Ferrel Cells: Air descends along an area near 30 degrees latitude.Descending air flows to higher and lower latitude as it compresses at the surface.Air flow moving to higher latitude is deflected to the right in the northern hemisphere and to the south in the southern hemisphere, creating the westerlies.
Polar Cells: Cold air descends from the poles to lower latitude. As the air descends it is deflected to the right in the northern hemisphere and to the left in the southern hemisphere, creating the polar easterlies.
–Be able to identify locations of
equatorial lows- warm and rainy, between 10 and 10 . ° N ° S
subtropical highs- Between 20 nd 35 in both hemispheres.Hot, dry air. ° a ° subpolar lows- 60 and 60 , cool and wet ° N ° S
polar highs- 90 and 90 , Cool and dry. ° N ° S
define relative humidity and it’s relationship to air temperature- A ratio(expressed as a percentage) of the amount of water vapor that is actually in the air compared to the maximum water vapor possible in the air at the temperature as the denominator. Warmer air means greater maximum water vapor possible. Colder air means lesser maximum water vapor possible.
Be able to draw the saturation vapor pressure curve and determine dew point temperature for a given air temperature and relative humidity.
Dew point- The temperature at which a given mass of air becomes saturated and net condensation begins to form water droplets. The air is saturated when the dew point temperature and the air temperature are the same TD = T − ((100 − RH)/5)
RH = actual water vapor in the air/Maximum water vapor possible in the air at that temperature × 100
Be able to define the rate at which air cools as it rises for both moist and dry air and how it relates to atmospheric stability.
- Air parcel cools internal as it expands under low air pressure. Air parcel heats internal as it is compressed by higher air pressure. The dry adiabatic rate is the rate at which “dry” air cools by expansion (if ascending) or heats by compression (if descending). The moist adiabatic rate is the rate at which an ascending air parcel that is moist or saturated, cools by expansion. It is unstable because air is rising higher into the atmosphere.
Be able to list and describe mechanisms for air lifting and it’s importance with respect to precipitation.
Convergent Lifting- air flowing from different directions into the same low pressure area is converging, displacing air upward.
Convectional Lifting- when air passes from a maritime source region to a warmer continental region, heating from the warmer land cause lifting and convection in the air mass. Warmer surfaces produce conventional lifting.
Orographic Lifting- Occurs when air is forcibly lifted upslope as it is pushed against a mountain.The physical presence of a mountain acts as topographic barrier to migrating air masses.
Frontal Lifting (Cold and Warm Fronts)- The leading edge of an advancing air mass. A front is a place of atmospheric discontinuity, a narrow zone, forming a line of conflict between two air masses of different, pressure, humidity, speed and cloud development.
Be able to list the ingredients of precipitation formation and mechanisms: Moisture- (lakes, rivers, oceans, moist soils)
Lifting- cool air rising, as it cools it will possibly reach dew point temperature, saturation, and active condensation.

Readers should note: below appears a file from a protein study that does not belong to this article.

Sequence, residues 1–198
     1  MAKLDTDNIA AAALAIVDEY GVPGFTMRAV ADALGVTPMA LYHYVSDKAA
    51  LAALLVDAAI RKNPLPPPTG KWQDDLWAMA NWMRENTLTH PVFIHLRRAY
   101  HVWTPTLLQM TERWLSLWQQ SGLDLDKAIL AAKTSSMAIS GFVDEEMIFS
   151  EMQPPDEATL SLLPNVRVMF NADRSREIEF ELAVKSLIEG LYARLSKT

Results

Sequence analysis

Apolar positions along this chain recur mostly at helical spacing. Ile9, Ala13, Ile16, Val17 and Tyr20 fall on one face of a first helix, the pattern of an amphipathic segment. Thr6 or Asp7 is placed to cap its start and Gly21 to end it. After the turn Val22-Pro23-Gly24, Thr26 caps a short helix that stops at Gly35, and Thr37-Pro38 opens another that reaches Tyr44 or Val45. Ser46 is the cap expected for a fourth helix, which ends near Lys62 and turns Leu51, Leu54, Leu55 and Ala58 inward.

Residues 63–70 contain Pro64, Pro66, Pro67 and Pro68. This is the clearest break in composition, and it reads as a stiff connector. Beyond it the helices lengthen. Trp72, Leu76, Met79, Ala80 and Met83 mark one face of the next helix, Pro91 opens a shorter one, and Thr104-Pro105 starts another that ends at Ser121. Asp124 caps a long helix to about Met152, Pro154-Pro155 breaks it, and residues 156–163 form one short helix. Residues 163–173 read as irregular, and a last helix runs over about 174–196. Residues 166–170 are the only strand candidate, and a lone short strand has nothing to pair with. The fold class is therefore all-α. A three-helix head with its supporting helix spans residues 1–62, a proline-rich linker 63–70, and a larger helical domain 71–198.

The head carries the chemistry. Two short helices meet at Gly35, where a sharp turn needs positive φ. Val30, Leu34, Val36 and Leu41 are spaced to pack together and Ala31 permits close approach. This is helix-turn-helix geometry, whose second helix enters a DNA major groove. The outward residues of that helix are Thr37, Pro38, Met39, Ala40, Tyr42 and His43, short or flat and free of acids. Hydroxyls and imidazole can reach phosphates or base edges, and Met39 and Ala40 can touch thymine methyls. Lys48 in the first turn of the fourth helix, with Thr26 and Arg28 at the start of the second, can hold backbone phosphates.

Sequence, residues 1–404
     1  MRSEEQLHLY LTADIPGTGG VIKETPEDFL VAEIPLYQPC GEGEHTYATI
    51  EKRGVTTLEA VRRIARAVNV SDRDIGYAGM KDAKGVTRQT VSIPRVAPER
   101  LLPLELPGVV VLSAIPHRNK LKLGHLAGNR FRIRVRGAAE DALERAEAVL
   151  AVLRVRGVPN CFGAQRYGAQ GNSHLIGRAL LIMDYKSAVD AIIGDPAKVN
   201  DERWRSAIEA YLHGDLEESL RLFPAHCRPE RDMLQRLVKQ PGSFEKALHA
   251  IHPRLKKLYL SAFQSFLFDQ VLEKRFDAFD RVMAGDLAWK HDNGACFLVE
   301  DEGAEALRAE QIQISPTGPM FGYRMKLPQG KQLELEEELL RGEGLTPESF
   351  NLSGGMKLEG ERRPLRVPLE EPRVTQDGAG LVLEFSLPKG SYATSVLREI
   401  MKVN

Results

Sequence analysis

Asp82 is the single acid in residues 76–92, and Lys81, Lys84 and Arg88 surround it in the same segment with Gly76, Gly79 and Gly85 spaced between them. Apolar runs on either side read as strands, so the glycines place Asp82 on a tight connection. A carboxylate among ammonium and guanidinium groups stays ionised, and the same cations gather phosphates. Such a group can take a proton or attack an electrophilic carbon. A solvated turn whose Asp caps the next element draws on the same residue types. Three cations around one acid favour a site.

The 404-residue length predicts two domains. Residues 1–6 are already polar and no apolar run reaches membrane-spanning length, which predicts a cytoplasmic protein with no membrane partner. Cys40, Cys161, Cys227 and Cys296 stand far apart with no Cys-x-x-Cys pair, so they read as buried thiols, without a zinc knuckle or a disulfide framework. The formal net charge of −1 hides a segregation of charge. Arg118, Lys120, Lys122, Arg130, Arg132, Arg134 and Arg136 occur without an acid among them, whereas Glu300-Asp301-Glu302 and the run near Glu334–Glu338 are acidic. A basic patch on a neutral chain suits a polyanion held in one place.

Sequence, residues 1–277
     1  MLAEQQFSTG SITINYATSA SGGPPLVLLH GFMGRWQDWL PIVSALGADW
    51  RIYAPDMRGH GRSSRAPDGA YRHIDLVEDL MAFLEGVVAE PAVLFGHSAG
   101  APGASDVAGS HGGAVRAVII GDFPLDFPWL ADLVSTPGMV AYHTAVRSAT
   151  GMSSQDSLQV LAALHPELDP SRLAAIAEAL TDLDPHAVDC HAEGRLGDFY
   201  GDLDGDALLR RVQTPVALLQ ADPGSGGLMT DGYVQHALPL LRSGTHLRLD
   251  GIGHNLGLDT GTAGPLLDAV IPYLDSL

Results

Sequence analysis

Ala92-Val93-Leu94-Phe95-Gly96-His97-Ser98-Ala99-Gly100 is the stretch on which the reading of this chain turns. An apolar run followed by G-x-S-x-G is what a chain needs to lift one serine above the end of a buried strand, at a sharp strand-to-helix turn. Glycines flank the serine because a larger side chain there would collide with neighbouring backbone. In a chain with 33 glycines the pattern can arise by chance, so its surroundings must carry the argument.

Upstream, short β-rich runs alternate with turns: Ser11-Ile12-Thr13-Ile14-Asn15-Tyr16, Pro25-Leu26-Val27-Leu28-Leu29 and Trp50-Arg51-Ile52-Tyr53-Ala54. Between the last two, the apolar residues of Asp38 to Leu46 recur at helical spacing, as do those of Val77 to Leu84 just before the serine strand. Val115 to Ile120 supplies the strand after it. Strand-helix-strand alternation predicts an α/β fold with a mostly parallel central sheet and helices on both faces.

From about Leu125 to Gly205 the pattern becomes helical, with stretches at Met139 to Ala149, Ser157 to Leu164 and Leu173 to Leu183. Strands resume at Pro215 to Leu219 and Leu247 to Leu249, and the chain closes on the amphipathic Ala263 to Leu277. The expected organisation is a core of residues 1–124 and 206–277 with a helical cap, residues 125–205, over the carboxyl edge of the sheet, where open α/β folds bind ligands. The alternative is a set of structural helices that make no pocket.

Saturated air - air saturated by water
condensation nuclei- Microscopic particles that always are present in the atmosphere(dust, soot, sulfate aerosols)
list and describe the terms in the water cycle
Evaporation- Process by which a liquid becomes a gas
Condensation-the process of changing from a gaseous to a liquid or state
Precipitation-the falling to earth of any form of water (rain or snow or hail or sleet or mist)
Transpiration-loss of water from a plant through its leaves
Water Table-the top of the saturated zone
Percolation-the slow movement of water through pores in soil or permeable rock
Surface runoff-water which runs along the surface into collection points (streams, rivers, ponds, lakes, ocean, etc)
GroundWater-water found beneath Earth's surface
Infiltration-seepage of water into soil or rock
Discharge-waters that are emptying from one moving source (stream or river) into another moving or still source (river or lake)
Aquifer-a rock layer that stores and allows the flow of groundwater Evapotranspiration-evaporation from plants, and soil
Coalescence-when water droplets fuse to create larger water droplets, or when water droplets freeze into ice crystals
Permeability-a rock's ability to let water through it
Impermeable-a rock that tends to stop the flow of water
Sublimation- direct change from ice to water vapor, or water vapor to ice.
Water cycle-The continuous process by which water moves from Earth's surface to the atmosphere and back
Humidity-the amount of moisture in the air
Psychrometer-Instrument used to measure relative humidity that has two thermometers (wet bulb and dry bulb)
Dew Point-the temperature at which the water vapor in the air becomes saturated and condensation begins
Clouds -Cirrus-Wispy, feathery clouds,Cumulus-clouds that look like fluffy, rounded piles of cotton,Stratus-Clouds that form in flat layers.
Rain Gauge-Open ended tube that collects rainfall
Rain-Most common form of liquid precipitation
Snow-precipitation falling from clouds in the form of ice crystals
Sleet-Ice particles smaller than 5 millimeters in diameter
Hail-Ice pellets larger than 5 millimeters in diameter formed in cumulonimbus clouds by strong updrafts of wind
freezing rain-rain that freezes when it hits a cold surface
Precipitation-any form of water that falls from clouds and reaches Earth's surface Fog-a stratus cloud that forms when air is cooled to its dew point near the ground
Virga-Precipitation that begins falling to the Earth but evaporates before reaching the surface.
cloud seeding-encouraging rainfall by seeding the air with condensation nuclei
Be able to calculate a soil water budget.
Be able to define – and know how they vary with soil types
wilting point-Wilting point (WP) is defined as the minimal point of soil moisture the plant requires not to wilt. Happens when soil starts to become hygroscopic.
field capacity-Field Capacity is the amount of soil moisture or water content held in the soil after excess water has drained away and the rate of downward movement has decreased.
soil water availability- The water available to plants. Soil available water is the difference between water content at field capacity and permanent wilting point.